Could it be true? Could the Sparks market be nearing the bottom and stabilizing? I say, YES, and I’d like to present what I feel are compelling reasons why the housing market in Sparks seems to be at the bottom.
I like to follow the numbers, because to me, the numbers don’t lie. Pundits can spin information right and left so fast I get dizzy, so I decided to go to the source – the Multiple Listing Service. Remember when you took Trigonometry in High School? (I know, it was a long time ago for me, too.) Remember when you did your graphs? Well, I decided to put together a graphical representation of the list and sales prices of homes in Sparks over the last 4 years. What I theorized I would find would be a steep decline as the market went down, with it leveling out toward the bottom. We’re looking for a U shape here, with the right hand side of the U being the return of the market values. Now I don’t expect it to look exactly like a U, and I suspect that the right hand side of it will be pretty wide – it’s going to look more like a check mark, but the important thing is where the bottom is.
Here’s what the chart looks like with Sparks Home sales from April 2005 through March 2009:
So there’s a couple things I see from the data. First of all, you can see when the peak in the market was because I went back far enough. It was January 2006. And while the fall seemed steep to everyone who bought in 2005, it really took three years to get where it is today. The Sparks market declined from an all time high average sales price of $346, 567 in January 2006 to $194,119 in March 2009.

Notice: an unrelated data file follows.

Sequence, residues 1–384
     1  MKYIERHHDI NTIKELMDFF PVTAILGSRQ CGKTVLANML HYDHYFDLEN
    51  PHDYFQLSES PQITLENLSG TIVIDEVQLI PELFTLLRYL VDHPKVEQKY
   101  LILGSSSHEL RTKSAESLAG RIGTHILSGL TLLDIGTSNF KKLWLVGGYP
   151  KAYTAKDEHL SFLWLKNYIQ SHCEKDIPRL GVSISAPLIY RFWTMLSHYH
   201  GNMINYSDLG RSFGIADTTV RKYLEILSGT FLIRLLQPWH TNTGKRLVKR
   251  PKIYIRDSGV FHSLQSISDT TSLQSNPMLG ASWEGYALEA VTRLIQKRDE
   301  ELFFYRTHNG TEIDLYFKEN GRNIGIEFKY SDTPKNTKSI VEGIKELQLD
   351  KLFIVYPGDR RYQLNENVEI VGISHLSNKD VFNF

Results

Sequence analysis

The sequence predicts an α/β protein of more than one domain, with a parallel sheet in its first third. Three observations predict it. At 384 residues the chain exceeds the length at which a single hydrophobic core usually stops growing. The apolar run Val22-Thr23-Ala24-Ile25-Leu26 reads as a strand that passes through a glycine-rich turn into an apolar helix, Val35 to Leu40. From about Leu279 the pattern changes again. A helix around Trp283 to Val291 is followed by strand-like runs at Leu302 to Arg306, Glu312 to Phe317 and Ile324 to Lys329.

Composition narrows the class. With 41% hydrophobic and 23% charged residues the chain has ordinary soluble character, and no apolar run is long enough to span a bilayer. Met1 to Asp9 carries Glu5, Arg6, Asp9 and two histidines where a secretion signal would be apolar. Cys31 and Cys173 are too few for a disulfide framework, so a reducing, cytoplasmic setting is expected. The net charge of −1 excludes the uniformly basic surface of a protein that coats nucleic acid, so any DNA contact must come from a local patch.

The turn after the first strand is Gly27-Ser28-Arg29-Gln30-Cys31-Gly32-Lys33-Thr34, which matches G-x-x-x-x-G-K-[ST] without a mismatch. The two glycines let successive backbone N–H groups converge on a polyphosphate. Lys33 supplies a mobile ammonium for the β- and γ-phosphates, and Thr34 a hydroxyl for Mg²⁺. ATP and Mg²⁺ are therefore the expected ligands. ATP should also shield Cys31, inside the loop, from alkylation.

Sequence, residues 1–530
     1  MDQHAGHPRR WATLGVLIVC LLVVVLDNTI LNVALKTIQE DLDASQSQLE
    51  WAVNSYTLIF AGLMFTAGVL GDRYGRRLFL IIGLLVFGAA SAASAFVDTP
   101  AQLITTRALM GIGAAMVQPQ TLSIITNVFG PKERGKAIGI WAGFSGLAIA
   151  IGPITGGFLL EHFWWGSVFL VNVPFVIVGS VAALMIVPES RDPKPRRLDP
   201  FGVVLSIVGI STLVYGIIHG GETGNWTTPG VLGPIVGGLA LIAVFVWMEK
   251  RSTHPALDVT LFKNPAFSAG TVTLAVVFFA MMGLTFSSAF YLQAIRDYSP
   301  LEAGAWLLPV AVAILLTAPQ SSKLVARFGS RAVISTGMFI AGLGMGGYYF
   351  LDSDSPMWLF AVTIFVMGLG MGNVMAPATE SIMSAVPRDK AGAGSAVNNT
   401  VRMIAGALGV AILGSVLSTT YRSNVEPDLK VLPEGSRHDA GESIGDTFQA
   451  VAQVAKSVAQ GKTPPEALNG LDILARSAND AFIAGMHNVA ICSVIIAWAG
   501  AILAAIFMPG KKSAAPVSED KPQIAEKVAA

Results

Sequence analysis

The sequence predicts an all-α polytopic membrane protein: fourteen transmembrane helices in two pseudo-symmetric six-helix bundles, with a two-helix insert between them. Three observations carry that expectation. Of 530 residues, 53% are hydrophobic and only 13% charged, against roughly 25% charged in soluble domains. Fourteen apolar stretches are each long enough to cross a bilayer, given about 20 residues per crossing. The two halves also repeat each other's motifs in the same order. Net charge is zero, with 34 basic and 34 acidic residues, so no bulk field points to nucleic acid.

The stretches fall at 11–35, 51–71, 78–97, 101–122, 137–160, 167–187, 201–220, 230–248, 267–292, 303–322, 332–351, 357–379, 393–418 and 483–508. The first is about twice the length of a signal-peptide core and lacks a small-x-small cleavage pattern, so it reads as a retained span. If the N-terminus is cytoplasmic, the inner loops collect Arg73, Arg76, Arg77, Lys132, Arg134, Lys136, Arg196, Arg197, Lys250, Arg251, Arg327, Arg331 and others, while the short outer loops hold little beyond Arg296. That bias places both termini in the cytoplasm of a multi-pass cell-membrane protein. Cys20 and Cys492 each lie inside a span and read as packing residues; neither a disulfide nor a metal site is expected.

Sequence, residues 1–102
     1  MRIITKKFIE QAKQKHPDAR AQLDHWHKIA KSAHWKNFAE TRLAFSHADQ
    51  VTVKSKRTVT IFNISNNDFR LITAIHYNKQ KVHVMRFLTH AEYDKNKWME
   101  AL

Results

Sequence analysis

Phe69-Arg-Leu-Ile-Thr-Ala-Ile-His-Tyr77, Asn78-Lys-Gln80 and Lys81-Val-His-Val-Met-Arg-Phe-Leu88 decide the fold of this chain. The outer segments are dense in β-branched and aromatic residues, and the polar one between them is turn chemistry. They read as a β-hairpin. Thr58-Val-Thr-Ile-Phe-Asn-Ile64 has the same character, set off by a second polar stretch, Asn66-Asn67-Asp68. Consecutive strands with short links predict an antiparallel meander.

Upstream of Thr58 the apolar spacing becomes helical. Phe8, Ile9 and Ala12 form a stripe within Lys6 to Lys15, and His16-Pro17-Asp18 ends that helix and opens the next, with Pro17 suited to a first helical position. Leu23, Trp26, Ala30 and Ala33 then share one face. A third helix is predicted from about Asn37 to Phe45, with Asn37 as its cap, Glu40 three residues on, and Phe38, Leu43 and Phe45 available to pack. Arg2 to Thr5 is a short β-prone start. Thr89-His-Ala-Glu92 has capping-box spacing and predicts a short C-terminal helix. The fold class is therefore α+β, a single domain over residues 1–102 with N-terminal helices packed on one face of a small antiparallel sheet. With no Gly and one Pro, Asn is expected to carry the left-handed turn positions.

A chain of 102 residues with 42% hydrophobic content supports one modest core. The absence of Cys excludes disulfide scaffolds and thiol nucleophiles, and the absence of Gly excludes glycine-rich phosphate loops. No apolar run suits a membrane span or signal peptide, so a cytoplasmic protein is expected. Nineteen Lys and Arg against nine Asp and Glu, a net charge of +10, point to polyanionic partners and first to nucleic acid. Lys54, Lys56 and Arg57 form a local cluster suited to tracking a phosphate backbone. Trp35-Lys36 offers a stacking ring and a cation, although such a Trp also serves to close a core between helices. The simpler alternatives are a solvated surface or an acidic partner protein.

Now, there’s a few things that are very important to keep in mind when reviewing a graph like this. It is not a true picture! It’s likely that these numbers are skewed because only those sellers who NEED to sell have been selling over the past couple of years. The number of foreclosures and short sales also push down the average selling price, and since the market is thus skewed, the data is skewed.
The most important thing to see is the very end on the right hand side. Do you see it? It’s FLAT! For the last two months, the average selling price held steady. For February 2009 it was $194,070 and for March 2009 it was $194,119. I believe this indicator is predicting the bottom of the market. Whie the rest of the U wasn’t as steep as I pictured it in my mind, my instinct was right saying the market is levelling out.
The other fascinating thing I looked at was sales volume. In April, May and June 2005, 200 homes a month were selling in Sparks. It tapered downward until it hit a low point in February 2008 when only 50 homes sold. That was the lowest point during the entire 4 year period.Â In March 2009, 122 homes sold. Logic would follow that first the number of home sales every month would increase before prices would gain traction and make any sort of gain…With the exception of November 2008 and January 2009, Sparks has seen over 100 homes sell each month. This is another reason why I believe we are seeing the first signs of a blossoming recovery in the Sparks market.
Data provided courtesy of the Northern Nevada Multiple Listing Service and covered Area 108 which is all of Sparks.